Tales of a living fossil: from evolution to past environmental stress to persistence to future global change

Research output: Contribution to conference (unpublished)Abstractpeer-review


Rates of biodiversity loss are greater than at any other time in history. This loss has been linked to human activities such as gas emissions increasing global warming, use of pesticides and herbicides leading to eutrophication and pollution, urbanization and deforestation leading to habitat fragmentation. Because of this rapid environmental change exasperated by human activities, resilience of natural populations is at risk. Yet, we know remarkably little about the mechanisms of resilience, and how to predict when it might occur. This is because long-term studies are lacking. To circumvent the lack of long-term studies, the use of ‘space-for-time’ is often adopted, although this substitution is quite controversial.
Travelling back in time to study processes that triggered evolutionary responses and led to population persistence is impossible unless we chose the resurrection route, by which organisms from different times in the past are brought back to life and their evolutionary responses measured. This sounds like Jurassic Park but it is possible for a number of organisms, including the waterflea Daphnia. Daphnia is a keystone species in inland water habitats and adopts a unique life cycle which involves the production of dormant embryos in times of stress. Many of these embryos become buried in the mud at the bottom of lakes before they have a chance to hatch and remain viable for decades or centuries. Time travelling using dormant stages is one of the most powerful ways of tracking long-term evolutionary dynamics in response to environmental change. The study of resurrected dormant embryos enables us to study population persistence under pressure from past environmental changes and to predict adaptation to future global change as a function of each population’s evolutionary memory.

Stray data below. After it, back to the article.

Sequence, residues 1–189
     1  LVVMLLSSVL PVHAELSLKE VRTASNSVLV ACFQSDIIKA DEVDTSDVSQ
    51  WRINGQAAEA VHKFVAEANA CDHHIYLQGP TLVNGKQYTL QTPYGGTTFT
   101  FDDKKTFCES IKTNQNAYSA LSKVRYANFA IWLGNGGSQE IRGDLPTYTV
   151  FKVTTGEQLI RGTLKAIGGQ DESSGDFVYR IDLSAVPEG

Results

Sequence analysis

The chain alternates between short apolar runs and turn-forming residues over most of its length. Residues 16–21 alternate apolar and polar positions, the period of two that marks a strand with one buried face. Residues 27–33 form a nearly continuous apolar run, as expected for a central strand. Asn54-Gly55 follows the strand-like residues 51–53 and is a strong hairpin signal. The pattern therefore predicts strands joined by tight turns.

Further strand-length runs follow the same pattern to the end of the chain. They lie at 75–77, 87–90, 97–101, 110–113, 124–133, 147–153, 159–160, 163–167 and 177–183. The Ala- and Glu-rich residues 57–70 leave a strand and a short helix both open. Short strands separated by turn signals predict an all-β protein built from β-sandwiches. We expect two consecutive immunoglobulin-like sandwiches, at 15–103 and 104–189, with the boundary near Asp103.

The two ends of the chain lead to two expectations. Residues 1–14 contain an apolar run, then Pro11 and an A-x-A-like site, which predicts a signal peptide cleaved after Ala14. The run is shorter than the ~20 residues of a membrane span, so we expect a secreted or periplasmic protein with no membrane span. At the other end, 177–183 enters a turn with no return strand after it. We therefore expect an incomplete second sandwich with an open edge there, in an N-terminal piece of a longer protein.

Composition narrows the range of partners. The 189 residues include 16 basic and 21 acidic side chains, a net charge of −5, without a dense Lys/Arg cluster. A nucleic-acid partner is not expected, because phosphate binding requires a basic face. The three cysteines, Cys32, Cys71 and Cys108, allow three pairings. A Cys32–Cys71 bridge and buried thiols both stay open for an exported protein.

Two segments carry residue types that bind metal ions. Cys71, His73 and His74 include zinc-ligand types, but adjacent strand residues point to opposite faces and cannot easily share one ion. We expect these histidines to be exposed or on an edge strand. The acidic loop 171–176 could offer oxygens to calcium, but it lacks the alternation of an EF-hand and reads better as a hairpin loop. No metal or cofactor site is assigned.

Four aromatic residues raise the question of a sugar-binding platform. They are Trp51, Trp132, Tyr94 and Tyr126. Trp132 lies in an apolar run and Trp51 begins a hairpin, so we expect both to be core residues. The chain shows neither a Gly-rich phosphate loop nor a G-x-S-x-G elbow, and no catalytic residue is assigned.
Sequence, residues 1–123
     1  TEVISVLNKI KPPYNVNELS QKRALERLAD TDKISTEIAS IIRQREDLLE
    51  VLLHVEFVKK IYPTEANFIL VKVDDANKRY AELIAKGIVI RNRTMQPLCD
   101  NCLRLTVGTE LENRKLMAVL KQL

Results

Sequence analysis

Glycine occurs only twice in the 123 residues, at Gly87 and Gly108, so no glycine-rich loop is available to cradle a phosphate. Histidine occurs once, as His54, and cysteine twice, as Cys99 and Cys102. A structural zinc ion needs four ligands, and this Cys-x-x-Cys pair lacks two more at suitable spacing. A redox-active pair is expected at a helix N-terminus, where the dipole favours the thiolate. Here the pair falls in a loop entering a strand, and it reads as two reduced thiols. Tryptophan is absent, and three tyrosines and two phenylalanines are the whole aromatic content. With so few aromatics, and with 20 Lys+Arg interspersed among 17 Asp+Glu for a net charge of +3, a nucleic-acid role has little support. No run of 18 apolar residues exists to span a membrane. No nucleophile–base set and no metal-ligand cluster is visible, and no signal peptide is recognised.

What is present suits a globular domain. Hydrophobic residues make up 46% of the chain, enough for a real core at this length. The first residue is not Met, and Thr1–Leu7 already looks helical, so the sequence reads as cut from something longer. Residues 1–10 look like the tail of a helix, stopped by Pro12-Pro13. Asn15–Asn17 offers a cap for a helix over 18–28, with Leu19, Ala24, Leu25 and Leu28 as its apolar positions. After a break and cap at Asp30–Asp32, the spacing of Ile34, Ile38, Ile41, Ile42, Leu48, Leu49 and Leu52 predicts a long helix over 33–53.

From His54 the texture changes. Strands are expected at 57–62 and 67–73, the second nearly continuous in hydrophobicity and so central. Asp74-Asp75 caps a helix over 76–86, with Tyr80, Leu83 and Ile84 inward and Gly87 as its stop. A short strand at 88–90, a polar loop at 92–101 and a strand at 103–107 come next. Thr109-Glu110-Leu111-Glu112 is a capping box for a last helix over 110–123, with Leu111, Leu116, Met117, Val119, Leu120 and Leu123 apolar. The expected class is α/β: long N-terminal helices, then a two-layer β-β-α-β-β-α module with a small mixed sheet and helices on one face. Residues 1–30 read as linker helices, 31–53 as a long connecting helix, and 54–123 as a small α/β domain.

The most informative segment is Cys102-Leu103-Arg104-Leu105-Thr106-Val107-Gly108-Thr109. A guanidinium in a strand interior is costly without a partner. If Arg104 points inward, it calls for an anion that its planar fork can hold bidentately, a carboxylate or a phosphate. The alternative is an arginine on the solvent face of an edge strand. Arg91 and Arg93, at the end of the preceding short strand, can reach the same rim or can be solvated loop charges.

Capitalizing on the well-defined role of Daphnia spp. in sustaining freshwater ecosystems and its unique life cycle that enables us to perform common garden experiments on ancestral (extinct) and modern populations, we have gained unprecedented insight into natural patterns of evolution and into how history of local adaptation and phenotypic plasticity can orchestrate a response to future climate change. Using high throughput technologies we have uncovered the gene regulatory networks that coordinate early adaptive response to environmental stress revealing that genes are organized into co-responsive modules coherently co-expressed across numerous conditions and genetic backgrounds. Capitalizing on the ability of Daphnia to ‘remember’ past exposure to environmental stress, my coworkers and I suggest to use extinct Daphnia populations that experienced extreme environmental shifts or artificially evolved populations under controlled laboratory settings as an effective bioremediation strategy for polluted inland waters.


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